TESTAMENT

A live art experience, part installation, part exhibition and part runway, this is the setting for the launch of Alabama Blonde, a fashion label, and so much more. With The Melbourne Critique, they spoke about their inception, future direction and the current state of play.

What inspires your love for fashion and the creation of your pieces?

People, the human experience, injustice, love, freedom and heartbreak. I’m also inspired by

punk music, the Addams Family and texture.

How did you come to be working in the industry? In your time, what trends have you seen emerging in terms of ethical fashion and trade?

I went to RMIT and realised I couldn’t work in fashion. Once I graduated, I continued to make clothing for myself and for my friends, for self-expression. and for general wardrobe purposes. Through Instagram, people would request pieces for themselves or for shoots they were styling. I realised I could work in fashion; I just needed to make my own rules.

To be honest, I do not relate to trends. I would like to think that I am conscious of anything ethical, whether trendy or not. My garments are made in Melbourne and anyone who walks into my world is treated with love and respect.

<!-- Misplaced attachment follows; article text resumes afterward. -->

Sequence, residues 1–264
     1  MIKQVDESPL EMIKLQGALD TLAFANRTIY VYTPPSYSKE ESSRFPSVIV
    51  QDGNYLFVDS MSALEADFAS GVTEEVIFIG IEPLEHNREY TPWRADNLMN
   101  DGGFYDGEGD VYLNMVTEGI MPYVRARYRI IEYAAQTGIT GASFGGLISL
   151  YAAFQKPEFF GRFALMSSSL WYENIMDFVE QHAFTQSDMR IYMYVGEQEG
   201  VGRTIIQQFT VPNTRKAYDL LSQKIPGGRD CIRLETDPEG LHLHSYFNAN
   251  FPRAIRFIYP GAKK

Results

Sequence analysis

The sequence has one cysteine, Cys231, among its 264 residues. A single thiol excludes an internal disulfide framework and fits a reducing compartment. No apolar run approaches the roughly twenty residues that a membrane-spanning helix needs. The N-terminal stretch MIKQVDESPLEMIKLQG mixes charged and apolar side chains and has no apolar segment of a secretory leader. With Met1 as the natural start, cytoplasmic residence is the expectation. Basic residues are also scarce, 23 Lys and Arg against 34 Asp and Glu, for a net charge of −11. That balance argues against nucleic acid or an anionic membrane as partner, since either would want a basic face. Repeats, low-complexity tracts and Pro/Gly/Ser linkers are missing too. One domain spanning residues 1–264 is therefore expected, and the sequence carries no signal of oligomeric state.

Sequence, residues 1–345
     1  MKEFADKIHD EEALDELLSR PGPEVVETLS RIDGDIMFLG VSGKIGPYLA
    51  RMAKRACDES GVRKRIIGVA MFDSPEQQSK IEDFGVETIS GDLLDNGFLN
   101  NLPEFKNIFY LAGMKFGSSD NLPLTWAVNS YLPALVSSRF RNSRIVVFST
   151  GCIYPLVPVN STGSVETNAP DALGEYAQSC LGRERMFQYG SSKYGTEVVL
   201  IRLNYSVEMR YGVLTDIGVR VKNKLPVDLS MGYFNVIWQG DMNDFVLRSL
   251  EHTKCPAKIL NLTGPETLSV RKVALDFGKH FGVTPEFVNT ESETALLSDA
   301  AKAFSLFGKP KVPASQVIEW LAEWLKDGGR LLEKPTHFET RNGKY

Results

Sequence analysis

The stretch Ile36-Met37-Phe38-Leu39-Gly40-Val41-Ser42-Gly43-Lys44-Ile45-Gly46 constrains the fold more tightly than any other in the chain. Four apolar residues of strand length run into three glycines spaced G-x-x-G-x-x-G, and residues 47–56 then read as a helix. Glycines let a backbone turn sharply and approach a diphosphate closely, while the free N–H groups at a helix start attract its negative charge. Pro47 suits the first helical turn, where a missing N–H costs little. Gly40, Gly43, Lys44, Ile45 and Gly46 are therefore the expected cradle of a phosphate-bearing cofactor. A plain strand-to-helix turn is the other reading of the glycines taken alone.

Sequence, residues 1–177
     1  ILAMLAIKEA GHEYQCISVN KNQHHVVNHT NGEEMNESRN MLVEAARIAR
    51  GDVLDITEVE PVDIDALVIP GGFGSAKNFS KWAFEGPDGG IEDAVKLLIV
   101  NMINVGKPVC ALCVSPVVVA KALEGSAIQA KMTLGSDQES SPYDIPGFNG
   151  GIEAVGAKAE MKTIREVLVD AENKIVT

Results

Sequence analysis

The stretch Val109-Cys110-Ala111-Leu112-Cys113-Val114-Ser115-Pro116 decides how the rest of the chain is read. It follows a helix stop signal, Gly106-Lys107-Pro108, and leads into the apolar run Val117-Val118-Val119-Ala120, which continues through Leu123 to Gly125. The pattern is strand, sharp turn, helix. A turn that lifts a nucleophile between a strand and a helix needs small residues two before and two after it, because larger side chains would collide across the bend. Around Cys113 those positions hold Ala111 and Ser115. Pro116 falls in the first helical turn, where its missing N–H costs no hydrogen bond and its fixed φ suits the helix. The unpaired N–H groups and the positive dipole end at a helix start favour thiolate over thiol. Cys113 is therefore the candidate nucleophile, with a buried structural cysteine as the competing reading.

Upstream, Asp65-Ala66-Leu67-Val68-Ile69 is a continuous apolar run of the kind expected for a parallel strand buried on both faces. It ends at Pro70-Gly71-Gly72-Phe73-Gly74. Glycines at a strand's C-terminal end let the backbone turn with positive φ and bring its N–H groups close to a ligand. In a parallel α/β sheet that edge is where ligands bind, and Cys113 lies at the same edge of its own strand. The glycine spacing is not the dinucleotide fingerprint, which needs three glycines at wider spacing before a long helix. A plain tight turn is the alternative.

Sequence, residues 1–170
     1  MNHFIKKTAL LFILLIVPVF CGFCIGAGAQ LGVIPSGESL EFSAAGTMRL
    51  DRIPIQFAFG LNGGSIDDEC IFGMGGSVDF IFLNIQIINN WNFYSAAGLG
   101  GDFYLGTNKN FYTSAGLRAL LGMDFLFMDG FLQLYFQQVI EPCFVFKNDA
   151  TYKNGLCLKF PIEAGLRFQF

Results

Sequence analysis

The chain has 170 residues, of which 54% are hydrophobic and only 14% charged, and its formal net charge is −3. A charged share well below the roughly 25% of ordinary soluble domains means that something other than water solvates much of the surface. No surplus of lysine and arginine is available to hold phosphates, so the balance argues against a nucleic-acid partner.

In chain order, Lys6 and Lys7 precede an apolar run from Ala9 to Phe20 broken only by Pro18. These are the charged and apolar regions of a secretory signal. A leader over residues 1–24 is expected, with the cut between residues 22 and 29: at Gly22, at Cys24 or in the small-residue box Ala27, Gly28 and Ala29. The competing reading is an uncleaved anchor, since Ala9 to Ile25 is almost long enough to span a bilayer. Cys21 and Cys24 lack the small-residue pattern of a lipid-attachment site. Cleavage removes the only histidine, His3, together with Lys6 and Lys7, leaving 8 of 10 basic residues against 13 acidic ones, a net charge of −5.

What sets your design works apart from the rest of the pack?

It’s authentic and imperfect.

It comes from a need to create and a desperate need to make the world a better place.

I really need people to be kinder to each other.My garments are all made with the intention to empower.

Is fashion a vehicle for radical empowerment and conversation?

It absolutely can be and should be.

What are your hopes for the future of the world, and how does fashion fit within this vision?

I hope that the world will stop being so scared and boring.

Our event was almost shut down by the neighbours because of a rehearsal we had. I moved to Melbourne because of the culture, the creativity, and the people here wanting to create, push boundaries and be heard. It’s so sad watching venues shut down  high-rises taking over these amazing spaces.

If Collingwood is too loud for you, move to the country!

I think we are at a pivotal moment in the world right now, and there are a lot of dickheads in charge. We have to stand up for our basic human rights and let them know we will not be silenced. It comes back to that saying: ‘I’d rather die on my feet than live on my knees.’

I do not tolerate racism, sexism, homophobia, or gender phobia. No form of discrimination is welcome in my world. Fashion is my vehicle to make this world a more inclusive place to exist.

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